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The tunicate slows the growth of the mussels and makes them difficult to harvest. ((Brian Higgins/CBC))

The federal government is putting more money into research to control the spread of invasive species that are causing problems forP.E.I.'s mussel industry.

Four species of tunicate are now clinging to mussel lines in some Island bays, making growing and harvesting mussels more difficult and expensive. Researchers have been looking at ways to remove tunicate from mussel lines, and there is a sense of urgency about their work.

"This isn't the type of research you can leave for a year or two," saidJeff Davidson, a researcher at the Atlantic Veterinary College, about the industry's need.

The federal government has put close to $3 million toward doing more research.

"A lot of it's going to be field-based. So we have got mussel socks, mussel lines, we're going to be using in the affected bays, probably both with vase tunicate and clubbed tunicate. We're going to be using those for treatment trials."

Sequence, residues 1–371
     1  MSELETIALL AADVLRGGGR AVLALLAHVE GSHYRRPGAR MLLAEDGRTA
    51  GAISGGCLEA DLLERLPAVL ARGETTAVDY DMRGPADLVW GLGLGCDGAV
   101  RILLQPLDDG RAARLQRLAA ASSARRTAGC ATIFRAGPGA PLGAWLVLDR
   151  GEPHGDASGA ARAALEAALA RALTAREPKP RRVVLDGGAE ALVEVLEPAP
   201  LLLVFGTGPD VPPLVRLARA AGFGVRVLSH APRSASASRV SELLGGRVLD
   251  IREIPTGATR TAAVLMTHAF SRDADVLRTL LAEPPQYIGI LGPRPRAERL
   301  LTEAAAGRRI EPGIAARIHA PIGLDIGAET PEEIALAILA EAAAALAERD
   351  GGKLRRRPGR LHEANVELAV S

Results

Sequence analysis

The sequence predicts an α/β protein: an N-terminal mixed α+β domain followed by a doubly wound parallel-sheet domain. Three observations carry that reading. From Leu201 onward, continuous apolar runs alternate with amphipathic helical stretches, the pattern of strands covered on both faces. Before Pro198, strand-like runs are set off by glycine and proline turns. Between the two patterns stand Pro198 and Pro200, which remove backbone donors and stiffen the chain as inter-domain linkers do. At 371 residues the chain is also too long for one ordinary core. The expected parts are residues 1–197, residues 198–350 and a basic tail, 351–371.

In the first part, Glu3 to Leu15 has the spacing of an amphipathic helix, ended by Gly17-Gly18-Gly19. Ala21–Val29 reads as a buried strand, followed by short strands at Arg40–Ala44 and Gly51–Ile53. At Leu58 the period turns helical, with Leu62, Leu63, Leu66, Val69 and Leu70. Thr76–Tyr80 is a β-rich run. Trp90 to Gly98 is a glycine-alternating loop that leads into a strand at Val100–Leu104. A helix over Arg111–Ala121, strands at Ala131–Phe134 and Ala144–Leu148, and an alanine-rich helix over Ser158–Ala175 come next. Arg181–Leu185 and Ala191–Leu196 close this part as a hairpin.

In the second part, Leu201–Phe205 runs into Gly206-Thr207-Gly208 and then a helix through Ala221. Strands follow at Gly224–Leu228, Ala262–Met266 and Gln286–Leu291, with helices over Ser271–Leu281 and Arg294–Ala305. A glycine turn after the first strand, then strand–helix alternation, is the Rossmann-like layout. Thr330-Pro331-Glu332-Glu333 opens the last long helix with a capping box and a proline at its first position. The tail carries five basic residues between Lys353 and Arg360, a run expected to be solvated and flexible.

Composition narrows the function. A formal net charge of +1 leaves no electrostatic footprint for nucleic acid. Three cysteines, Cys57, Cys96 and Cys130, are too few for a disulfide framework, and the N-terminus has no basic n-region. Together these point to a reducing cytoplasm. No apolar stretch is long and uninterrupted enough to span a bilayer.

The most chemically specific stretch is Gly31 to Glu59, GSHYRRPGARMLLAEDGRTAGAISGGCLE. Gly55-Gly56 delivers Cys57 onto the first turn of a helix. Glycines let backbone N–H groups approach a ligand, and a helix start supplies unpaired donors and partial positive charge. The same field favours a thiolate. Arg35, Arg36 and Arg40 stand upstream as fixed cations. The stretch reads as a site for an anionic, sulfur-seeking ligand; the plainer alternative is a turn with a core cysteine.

Davidson said spraying mussels with vinegar and hydrated lime appears so far to be the best treatment, but researchers will be looking for other ways to remove the invasive species.

Davidson said the field work will begin some time this spring.

Tunicate do not do any harm to mussels, but compete for food and can add four to five months to a 12-month growth cycle. Digging through the tunicate for the mussels underneath also makes harvesting more difficult.

While these problems increase expenses for Island mussel farmers, they can't increase prices because of competition with other regions.

Scientists believe the tunicate, which are not native to P.E.I., found their way to Island waters on the hulls of boats.